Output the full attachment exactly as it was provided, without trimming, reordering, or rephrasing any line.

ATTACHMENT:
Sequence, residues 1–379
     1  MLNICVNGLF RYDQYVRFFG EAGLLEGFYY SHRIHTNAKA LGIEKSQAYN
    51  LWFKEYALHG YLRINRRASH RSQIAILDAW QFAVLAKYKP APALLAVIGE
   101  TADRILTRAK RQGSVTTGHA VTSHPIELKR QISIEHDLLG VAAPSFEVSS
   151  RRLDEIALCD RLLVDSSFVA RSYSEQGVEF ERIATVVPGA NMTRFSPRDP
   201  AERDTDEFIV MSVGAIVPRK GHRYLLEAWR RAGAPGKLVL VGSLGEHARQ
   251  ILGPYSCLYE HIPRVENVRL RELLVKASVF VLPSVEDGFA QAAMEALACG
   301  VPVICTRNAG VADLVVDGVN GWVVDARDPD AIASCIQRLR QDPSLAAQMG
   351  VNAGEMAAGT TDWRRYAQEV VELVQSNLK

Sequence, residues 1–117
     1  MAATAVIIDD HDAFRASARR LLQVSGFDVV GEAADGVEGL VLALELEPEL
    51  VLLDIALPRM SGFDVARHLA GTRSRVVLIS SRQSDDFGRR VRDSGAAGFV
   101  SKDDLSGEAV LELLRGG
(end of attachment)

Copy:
Sequence, residues 1–379
     1  MLNICVNGLF RYDQYVRFFG EAGLLEGFYY SHRIHTNAKA LGIEKSQAYN
    51  LWFKEYALHG YLRINRRASH RSQIAILDAW QFAVLAKYKP APALLAVIGE
   101  TADRILTRAK RQGSVTTGHA VTSHPIELKR QISIEHDLLG VAAPSFEVSS
   151  RRLDEIALCD RLLVDSSFVA RSYSEQGVEF ERIATVVPGA NMTRFSPRDP
   201  AERDTDEFIV MSVGAIVPRK GHRYLLEAWR RAGAPGKLVL VGSLGEHARQ
   251  ILGPYSCLYE HIPRVENVRL RELLVKASVF VLPSVEDGFA QAAMEALACG
   301  VPVICTRNAG VADLVVDGVN GWVVDARDPD AIASCIQRLR QDPSLAAQMG
   351  VNAGEMAAGT TDWRRYAQEV VELVQSNLK

Sequence, residues 1–117
     1  MAATAVIIDD HDAFRASARR LLQVSGFDVV GEAADGVEGL VLALELEPEL
    51  VLLDIALPRM SGFDVARHLA GTRSRVVLIS SRQSDDFGRR VRDSGAAGFV
   101  SKDDLSGEAV LELLRGG